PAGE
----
Hinduism vs Buddhism: Metaphysical, Philosophical, and Spiritual Perspectives

Categories: Religion


Hinduism and Buddhism are two of the most influential and ancient religious and philosophical traditions originating from India. These belief systems share a fundamental quest: the pursuit of an authentic and meaningful existence while addressing the pervasive pain inherent in human life. Both traditions delve into the nature of suffering and seek pathways to liberation. However, despite some historical and cultural commonalities, Hinduism and Buddhism maintain distinctive identities through their metaphysics, symbolism, practices, and dimensions of religious thought. This essay explores the intricate tapestry of Hinduism and Buddhism, emphasizing their differences, unique philosophical foundations, and the potential for reconciling their seemingly contradictory views.

Metaphysical Foundations

Central to Hindu metaphysics is the concept of Atman, the individual soul, and Brahman, the ultimate, unchanging reality behind all appearances. According to the Vedas, considered the primary canonical texts of Hinduism, the Atman is an aspect of Brahman. The Katha Upanishad poetically describes the essence of Hindu soul philosophy, stating, "There is one Supreme Ruler, the innermost Self of all beings, who makes His one form manifold.

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Eternal happiness belongs to the wise, who perceive Him within themselves..." (Nikhilananda 80). Realizing this ultimate principle is the primary goal in Hinduism, emphasizing transcendent principles and metaphysical unity.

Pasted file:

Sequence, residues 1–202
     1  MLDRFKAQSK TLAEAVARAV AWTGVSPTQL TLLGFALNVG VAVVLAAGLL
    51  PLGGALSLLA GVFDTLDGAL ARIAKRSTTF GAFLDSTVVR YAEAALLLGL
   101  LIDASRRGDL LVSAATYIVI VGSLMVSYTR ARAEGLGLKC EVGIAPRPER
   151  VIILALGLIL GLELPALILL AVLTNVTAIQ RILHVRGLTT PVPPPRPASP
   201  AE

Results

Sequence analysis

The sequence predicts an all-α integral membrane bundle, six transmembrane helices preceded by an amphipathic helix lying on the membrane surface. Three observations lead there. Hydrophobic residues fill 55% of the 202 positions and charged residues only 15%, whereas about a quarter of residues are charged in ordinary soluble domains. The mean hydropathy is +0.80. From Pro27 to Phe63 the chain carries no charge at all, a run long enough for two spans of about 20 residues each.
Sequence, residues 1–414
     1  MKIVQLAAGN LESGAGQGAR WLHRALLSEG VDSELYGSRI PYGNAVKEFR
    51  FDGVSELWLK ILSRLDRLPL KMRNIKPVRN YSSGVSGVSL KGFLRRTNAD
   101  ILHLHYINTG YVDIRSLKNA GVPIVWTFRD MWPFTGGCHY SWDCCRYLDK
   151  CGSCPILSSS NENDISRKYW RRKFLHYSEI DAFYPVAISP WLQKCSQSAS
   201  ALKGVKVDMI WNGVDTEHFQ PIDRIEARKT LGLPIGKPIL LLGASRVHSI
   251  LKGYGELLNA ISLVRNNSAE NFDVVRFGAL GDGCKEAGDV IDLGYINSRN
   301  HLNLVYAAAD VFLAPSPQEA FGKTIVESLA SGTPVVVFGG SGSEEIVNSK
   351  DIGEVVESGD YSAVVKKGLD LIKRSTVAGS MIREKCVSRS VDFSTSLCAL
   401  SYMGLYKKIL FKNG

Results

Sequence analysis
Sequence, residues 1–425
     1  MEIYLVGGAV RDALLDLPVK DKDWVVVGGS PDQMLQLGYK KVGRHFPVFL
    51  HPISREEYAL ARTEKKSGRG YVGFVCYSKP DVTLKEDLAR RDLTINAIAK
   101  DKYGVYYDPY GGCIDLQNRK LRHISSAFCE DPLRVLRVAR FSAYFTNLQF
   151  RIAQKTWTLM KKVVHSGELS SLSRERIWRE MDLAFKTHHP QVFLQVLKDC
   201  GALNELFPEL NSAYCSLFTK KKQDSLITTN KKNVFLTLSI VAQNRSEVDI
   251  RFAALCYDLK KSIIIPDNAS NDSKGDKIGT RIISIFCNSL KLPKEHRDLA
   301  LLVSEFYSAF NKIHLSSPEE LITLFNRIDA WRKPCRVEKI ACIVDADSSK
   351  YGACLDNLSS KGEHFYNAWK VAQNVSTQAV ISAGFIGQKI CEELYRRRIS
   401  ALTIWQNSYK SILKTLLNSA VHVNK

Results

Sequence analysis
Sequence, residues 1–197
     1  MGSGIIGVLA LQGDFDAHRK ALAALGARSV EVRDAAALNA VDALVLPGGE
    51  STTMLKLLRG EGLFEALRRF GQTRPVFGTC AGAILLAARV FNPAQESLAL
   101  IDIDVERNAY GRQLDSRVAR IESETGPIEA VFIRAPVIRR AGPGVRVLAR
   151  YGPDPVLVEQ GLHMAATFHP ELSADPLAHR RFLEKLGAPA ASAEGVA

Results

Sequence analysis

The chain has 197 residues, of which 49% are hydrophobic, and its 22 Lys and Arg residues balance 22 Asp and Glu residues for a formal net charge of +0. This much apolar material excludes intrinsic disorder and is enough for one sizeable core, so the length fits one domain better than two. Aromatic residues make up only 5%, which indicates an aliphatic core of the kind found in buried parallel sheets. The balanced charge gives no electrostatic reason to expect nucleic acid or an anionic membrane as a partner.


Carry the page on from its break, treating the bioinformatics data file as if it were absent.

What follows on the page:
In contrast, Buddhism focuses on impermanence (anicca) and the rejection of Atman (anatman), the Hindu theory of an eternal soul. Buddhist philosophy teaches that the world is fleeting and momentary, and the doctrine of anatman rejects the existence of a permanent, unchanging self. Instead, Buddhism analyzes the conventional self into five aggregates or composite parts, emphasizing the interdependent, relational nature of the self.

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As Lesser argues, the Buddhist perspective asserts that "soul, in the sense of a permanent unchanging subject of consciousness, cannot exist" (59). This perspective diverges from Hinduism's emphasis on a permanent self and an ultimate metaphysical unity.

Scriptural Authority and Philosophical Inquiry

Hinduism traditionally upholds the authority of the Vedas, ancient scriptures believed to express eternal truths beyond human comprehension. Despite the diversity of Hindu philosophical thought, the belief in the soul as a spiritual substance is nearly unanimous. This scriptural authority underpins various interpretations within Hinduism, including theistic and monistic tendencies. In Hinduism, questions about ultimate reality are addressed through teachers and scriptures, regardless of potential contradictions or esoteric claims.